Reducing Emissions from Deforestation and Forest Degradation, and Conservation, Sustainable Management of Forest and Enhancement of Forest Carbon Stocks (REDD+) is a global initiative to reduce carbon emissions from forests and enhance carbon absorption.
Climate change is currently a global topic of discussion. As per fifth Assessment Report (AR) of the Intergovernmental Panel for Climate Change (IPCC), around 24% of green house gas emission to atmosphere causing global warming is from AFOLU (Agriculture, Forestry and Other Land Use) sector (Figure 1). The contribution of forestry sector alone was 17% of the total emission as per the 4th AR of IPCC in 2007.
REDD+ was conceived in the meetings of Conference of Parties (COP) of United Nations Framework Convention on Climate Change (UNFCCC) as a mitigation mechanism to combat climate change.
The UNFCCC is an international environmental treaty formed in 1992 with the main objective of stabilizing greenhouse gas (GHG) concentrations in the atmosphere at a level that would prevent dangerous anthropogenic interference with the climate system. Around 196 countries, including Bhutan, have ratified the convention and are therefore a party to it. The National Environment Commission (NEC) is the focal point for Bhutan to the UNFCCC. Since the treaty was formed, COPs are held annually to discuss how to achieve the treaty’s aims and objectives. Two approaches are advocated to reduce the impacts of climate change: adaptation and mitigation. Adaptation involves making changes to existing systems, structures, and ways of life to reduce vulnerability and increase the resilience of a community to climate change. It goes hand in hand with mitigation, which aims to reduce GHG emissions or enhance the removal of these gases from the atmosphere, for example through improving carbon sinks such as forests. Mitigation addresses the causes of climate change (accumulation of greenhouse gases in the atmosphere), whereas adaptation addresses the impacts of climate change.
REDD+ as a mitigation mechanism under UNFCCC is to reduce carbon emission and enhance sequestration through five activities; i) reducing deforestation, ii) reducing forest degradation, iii) conservation, iv) sustainable management of forest and v) enhancement of forest carbon stock. There are also other important co-benefits from implementing REDD+ activities that potentially include alternative livelihood provision and biodiversity conservation. If implemented effectively, REDD+ could help protect and enhance the world’s forests as carbon reservoirs and maximize their potential for slowing down and reducing the impact of climate change.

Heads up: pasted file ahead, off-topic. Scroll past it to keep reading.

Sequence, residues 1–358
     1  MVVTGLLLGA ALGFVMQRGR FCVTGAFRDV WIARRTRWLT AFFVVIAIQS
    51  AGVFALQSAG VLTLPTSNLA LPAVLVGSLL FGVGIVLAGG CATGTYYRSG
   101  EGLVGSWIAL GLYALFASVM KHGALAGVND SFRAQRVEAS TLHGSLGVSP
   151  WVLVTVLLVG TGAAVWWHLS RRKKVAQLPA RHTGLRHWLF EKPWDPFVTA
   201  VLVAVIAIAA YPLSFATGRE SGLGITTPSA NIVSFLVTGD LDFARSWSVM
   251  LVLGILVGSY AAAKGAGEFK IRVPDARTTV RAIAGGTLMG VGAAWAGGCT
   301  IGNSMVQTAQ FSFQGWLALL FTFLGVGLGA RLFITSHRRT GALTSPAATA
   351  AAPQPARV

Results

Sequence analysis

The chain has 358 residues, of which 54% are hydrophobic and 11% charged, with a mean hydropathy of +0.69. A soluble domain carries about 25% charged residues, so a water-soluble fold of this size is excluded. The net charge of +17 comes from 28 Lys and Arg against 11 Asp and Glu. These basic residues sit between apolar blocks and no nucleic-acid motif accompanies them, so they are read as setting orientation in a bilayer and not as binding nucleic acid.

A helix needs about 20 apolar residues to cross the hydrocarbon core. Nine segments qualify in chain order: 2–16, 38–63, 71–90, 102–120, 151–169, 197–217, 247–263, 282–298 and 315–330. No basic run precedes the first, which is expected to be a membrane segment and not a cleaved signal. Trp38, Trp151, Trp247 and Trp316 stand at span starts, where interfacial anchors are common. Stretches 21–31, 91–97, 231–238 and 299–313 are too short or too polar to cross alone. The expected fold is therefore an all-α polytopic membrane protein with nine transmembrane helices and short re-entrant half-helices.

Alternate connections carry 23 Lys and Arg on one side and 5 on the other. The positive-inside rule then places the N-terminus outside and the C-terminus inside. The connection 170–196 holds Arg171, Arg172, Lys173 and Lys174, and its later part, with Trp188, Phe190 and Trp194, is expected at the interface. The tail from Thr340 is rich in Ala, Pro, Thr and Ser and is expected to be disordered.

REDD+ activities although mitigation mechanism have adaptation co-benefits. REDD+ can increase the adaptation of forests to climate change by reducing anthropogenic pressures on forests, enhancing connectivity between forest areas and conserving biodiversity. Similarly, forest ecosystem-based adaptation program can directly benefit climate change mitigation, through either increasing or maintaining carbon stocks.
Bhutan has a forest cover of 70.45% and another 10.43% under shrubs with 51.34% of total area under Protected Area management. This is mainly attributed to the enabling policies and legislations for conservation and sustainable forest management. The implementation of REDD+ therefore has huge potential to complement the efforts of the Royal Government of Bhutan (RGoB) in conservation and sustainable management of forest resources. REDD+ may be linked with a market mechanism which allows developed countries and private companies to fund the planning and implementation of REDD+ activities in developing countries.
|REDD+||NAMA (nationally appropriate mitigation action)||NAPA (national adaptation programme of action)||NAP (national action program)|
|Scope of mechanism||Mitigation||Mitigation||Adaptation||Combating land degradation|
|Objective||Reducing emission and enhance GHG sequestration from forests||Reduce emissions from various sources||Address the risk of climate induced disasters & adapt to impacts of climate change||Improve & reclaim degraded land|
|Target sectors||Forestry, Agriculture, Livestock, Mining, Planning, energy, Transport, Infrastructure||Transport, Energy||Infrastructure, agriculture, forestry, water resources, energy & health|
|Donors||UN-REDD Programme, FCPF (World Bank), GEF, SFM/REDD+, other bilateral support||GEF, GCF||GEF, LDCF||GEF, LDN|
|Implementation framework||National REDD+ Strategy||Voluntary targets to achieve Land Degradation Neutrality|